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Building Political Literacy

Brienna Rossiter, Focus Readers Editor

Today is Super Tuesday, and news about candidates and elections is everywhere. But it can be hard to tell which statements and opinions to believe, especially for students who have a limited understanding of how the US political system works.

Our Groundbreaking Women in Politics series can help! Each book provides basic explanations of political processes and vocabulary that help readers understand not just the book’s subject but also government in general.

For example, Ilhan Omar walks readers through Omar’s involvement at the city, state, and national levels, giving a basic overview of their similarities and differences. Alexandria Ocasio-Cortez explains terms such as district and constituent and describes how an area’s demographics can influence what kind of candidates tend to have success there. The book’s lesson plan reinforces these ideas with a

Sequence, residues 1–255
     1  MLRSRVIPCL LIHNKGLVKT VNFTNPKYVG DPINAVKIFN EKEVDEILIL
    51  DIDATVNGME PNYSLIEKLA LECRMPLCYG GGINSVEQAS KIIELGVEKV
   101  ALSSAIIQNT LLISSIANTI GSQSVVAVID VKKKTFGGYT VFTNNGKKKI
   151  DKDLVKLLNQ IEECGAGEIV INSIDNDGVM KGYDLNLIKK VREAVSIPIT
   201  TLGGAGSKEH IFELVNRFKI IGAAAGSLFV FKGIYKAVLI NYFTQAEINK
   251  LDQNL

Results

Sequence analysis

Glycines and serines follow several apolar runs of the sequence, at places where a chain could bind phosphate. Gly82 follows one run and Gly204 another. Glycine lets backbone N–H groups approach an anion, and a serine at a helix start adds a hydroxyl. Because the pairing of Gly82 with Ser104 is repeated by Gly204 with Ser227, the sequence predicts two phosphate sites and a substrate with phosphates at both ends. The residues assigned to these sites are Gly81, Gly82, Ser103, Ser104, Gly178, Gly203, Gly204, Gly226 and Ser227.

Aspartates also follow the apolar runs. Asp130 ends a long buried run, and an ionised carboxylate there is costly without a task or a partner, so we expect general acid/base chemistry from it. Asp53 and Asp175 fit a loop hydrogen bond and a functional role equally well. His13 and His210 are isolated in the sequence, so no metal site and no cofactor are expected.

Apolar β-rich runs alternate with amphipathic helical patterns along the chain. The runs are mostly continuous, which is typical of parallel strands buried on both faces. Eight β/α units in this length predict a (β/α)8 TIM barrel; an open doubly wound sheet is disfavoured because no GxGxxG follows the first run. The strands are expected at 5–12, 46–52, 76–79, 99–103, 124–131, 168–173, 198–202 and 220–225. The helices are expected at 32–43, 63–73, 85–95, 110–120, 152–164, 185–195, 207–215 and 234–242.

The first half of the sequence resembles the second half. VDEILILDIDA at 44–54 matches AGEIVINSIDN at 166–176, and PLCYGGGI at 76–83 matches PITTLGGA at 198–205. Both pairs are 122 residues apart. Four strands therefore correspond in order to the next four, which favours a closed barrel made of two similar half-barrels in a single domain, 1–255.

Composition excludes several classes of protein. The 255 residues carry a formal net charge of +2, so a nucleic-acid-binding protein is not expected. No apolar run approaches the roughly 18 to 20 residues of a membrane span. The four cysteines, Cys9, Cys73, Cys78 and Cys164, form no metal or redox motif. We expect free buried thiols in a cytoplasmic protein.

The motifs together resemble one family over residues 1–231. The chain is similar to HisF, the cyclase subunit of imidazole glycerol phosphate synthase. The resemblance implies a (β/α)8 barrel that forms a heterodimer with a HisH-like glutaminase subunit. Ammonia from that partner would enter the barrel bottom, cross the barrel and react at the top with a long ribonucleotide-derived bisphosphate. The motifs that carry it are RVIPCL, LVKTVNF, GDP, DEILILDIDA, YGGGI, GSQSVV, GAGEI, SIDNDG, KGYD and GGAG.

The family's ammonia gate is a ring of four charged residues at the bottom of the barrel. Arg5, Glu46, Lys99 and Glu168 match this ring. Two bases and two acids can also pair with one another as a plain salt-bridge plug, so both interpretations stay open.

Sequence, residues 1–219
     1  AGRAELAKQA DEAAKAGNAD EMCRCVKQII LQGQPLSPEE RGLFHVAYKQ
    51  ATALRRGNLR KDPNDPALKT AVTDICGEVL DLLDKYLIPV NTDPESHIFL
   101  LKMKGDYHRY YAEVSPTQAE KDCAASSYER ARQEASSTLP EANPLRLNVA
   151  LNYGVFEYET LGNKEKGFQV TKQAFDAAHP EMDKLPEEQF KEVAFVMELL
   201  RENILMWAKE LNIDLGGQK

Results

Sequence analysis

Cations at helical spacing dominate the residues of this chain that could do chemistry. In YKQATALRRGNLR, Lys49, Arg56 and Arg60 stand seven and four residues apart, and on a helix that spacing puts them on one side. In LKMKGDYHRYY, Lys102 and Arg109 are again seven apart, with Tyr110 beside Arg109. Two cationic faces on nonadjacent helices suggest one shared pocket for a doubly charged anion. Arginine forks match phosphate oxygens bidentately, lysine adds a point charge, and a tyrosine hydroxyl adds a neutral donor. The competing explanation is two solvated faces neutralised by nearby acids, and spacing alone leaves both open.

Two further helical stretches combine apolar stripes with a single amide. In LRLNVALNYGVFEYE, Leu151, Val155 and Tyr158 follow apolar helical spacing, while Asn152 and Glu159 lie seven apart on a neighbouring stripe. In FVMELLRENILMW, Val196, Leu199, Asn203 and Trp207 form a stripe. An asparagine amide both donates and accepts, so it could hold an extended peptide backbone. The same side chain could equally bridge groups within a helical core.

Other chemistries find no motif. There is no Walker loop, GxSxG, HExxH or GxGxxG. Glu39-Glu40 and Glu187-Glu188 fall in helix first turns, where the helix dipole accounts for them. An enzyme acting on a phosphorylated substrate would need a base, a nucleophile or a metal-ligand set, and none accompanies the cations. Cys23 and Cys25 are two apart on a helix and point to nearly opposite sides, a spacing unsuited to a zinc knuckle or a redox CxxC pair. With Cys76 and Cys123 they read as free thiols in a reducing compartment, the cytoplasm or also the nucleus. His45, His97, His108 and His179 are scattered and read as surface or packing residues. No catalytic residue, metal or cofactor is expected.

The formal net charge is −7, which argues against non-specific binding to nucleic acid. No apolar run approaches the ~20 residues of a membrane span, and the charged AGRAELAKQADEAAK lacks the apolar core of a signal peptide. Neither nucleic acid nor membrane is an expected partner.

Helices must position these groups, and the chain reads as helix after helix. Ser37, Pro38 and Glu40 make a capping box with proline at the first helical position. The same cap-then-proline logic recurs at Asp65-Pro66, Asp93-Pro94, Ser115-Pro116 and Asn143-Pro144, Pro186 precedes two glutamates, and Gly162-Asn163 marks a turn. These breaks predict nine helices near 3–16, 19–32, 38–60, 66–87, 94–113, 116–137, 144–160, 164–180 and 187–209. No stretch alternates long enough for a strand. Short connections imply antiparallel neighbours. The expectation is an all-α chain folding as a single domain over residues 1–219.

trivia game based on terms related to elections.

The series also helps readers begin to think about how voters evaluate political candidates. Kamala Harris describes Harris’s legal career as an example of how voters sometimes use a candidate’s past decisions to predict future actions. And Tammy Duckworth explains the process a bill goes through before becoming a law, helping readers explore why passing many laws—or even getting bills through committees—is sometimes used to evaluate a politician’s success.

The lesson plan for Kamala Harris goes one step further, asking students to form their own opinions. It has students write an essay explaining whether they think it’s okay for a politician to change his or her stance on an issue, supporting their answer with evidence and reasoning. By providing context and encouraging critical thinking, this series helps equip students to be informed citizens.

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